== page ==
Philani Ntuli and his group of 15 singers recently aced a performance and drew loud cheers from the public at a Durban theatre in eastern South Africa.
The precise five-minute routine brought out their powerful bass voices enhanced by two pairs of altos and sopranos.
Group members hopped rhythmically from one foot to the other, before leaving the stage in single file, the jackets of their salmon-colored suits folded on their forearms.
While many South Africans were glued to their televisions as they watched the Springboks play Ireland in the Rugby World Cup, Ntuli and his group had the theatre buzzing with several hundred music lovers.
Developed in South Africa after the First World War, this a cappella singing style is anchored in Zulu culture. Competitions — often lasting all night — are a mainstay of the genre.
In Durban, performers from at least 130 all-male groups battled to the tune of catchy rhymes, singing about everyday contemporary themes, from road safety to Covid-19 measures.
Mostly dressed in matching suits inspired by 1940s and 50s fashion, the ensembles, comprising an average of more than 10 members, quickly followed one another on stage to the delight of concertgoers.
"It's more based into the reality than other music," Nomtobeko Mtobela, 35, who came to the theater with two friends, said of the genre.
"It has that — I don't know how to call it — that African thing into it."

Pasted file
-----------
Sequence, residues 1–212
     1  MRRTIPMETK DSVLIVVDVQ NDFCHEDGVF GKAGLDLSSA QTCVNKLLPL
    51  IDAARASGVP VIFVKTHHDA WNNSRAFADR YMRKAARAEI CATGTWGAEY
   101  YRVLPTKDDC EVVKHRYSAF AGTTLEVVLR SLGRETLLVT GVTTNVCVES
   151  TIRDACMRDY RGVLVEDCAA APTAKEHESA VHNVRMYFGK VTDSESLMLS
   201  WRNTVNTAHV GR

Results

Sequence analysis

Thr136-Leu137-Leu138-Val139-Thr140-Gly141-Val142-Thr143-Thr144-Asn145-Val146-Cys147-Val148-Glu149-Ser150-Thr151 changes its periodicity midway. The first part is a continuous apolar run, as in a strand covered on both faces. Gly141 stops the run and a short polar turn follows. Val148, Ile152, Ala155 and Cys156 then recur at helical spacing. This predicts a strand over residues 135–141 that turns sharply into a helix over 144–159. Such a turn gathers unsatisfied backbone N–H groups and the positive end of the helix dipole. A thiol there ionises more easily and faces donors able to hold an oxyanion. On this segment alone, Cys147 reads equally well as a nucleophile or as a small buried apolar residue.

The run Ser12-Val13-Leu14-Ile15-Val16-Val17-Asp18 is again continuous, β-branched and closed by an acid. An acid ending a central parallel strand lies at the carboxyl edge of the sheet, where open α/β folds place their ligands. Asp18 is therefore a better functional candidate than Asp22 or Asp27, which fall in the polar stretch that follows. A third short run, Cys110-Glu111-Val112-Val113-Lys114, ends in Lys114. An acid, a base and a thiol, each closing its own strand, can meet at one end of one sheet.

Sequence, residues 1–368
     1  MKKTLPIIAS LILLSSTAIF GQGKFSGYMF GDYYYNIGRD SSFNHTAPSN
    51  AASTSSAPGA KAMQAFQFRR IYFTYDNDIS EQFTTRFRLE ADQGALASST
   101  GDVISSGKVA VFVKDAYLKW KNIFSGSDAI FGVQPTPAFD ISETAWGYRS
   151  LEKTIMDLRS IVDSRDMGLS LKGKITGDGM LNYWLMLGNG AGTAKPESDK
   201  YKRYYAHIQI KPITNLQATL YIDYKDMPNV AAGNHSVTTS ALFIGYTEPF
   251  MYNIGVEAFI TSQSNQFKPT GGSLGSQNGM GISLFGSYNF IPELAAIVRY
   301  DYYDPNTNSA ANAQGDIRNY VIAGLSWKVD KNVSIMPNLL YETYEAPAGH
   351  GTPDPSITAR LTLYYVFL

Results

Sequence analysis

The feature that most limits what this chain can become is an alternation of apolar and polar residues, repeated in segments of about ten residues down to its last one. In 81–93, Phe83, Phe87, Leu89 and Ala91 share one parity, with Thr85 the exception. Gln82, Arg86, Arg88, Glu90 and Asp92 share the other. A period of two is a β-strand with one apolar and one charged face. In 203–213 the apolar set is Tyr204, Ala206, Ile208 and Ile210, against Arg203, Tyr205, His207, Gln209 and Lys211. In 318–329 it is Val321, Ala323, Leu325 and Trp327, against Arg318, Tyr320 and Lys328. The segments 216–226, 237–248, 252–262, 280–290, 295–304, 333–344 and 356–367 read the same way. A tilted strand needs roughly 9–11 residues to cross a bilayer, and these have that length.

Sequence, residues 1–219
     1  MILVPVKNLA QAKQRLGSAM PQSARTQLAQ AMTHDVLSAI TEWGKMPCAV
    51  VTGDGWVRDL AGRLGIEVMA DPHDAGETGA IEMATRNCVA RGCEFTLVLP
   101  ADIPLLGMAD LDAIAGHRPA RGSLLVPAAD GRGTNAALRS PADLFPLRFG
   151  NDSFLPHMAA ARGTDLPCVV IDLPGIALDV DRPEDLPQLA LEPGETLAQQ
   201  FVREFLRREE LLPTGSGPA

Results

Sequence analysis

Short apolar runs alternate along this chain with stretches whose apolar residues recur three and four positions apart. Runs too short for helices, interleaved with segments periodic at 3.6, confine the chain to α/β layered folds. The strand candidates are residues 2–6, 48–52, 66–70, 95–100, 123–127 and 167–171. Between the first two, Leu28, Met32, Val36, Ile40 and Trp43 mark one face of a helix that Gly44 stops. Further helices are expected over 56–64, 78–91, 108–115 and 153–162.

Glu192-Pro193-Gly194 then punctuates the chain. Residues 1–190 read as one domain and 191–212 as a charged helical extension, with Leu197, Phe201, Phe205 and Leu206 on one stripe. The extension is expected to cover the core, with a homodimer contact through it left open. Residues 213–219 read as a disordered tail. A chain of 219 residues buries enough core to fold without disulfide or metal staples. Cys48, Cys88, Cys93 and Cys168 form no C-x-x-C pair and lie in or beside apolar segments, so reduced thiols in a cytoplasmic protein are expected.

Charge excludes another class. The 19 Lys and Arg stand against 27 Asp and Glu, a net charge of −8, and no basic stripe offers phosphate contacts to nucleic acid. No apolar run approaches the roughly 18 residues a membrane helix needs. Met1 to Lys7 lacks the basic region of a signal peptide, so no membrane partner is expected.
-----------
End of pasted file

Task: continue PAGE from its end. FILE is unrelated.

- Furtive steps -
Isicathamiya has its roots in a mix of local music, religious choirs and the so-called 'minstrel' shows popular in the United States in the 19th century.
It became popular thanks to contests organized by Zulu miners working in big South African cities, who used to meet on Saturday evenings and sing until dawn.
To this day, competitions are organized throughout the year, particularly in Johannesburg and the Zulu heartland of KwaZulu-Natal, of which Durban is the largest city.
Isicathamiya takes its name from the Zulu word "cathama" which evokes the action of walking softly and furtively like a cat.
It gained international recognition with American singer Paul Simon's 1986 album "Graceland," which featured leading isicathamiya group Ladysmith Black Mambazo.
Almost four decades later, it is still going strong, as testified by the large number of young singers taking part in the Durban contest.
20-year-old Ntuli, who is the frontman of his group, thinks it is a good thing for young people.
"It keeps us away from criminality because we spend most of our time rehearsing," he said.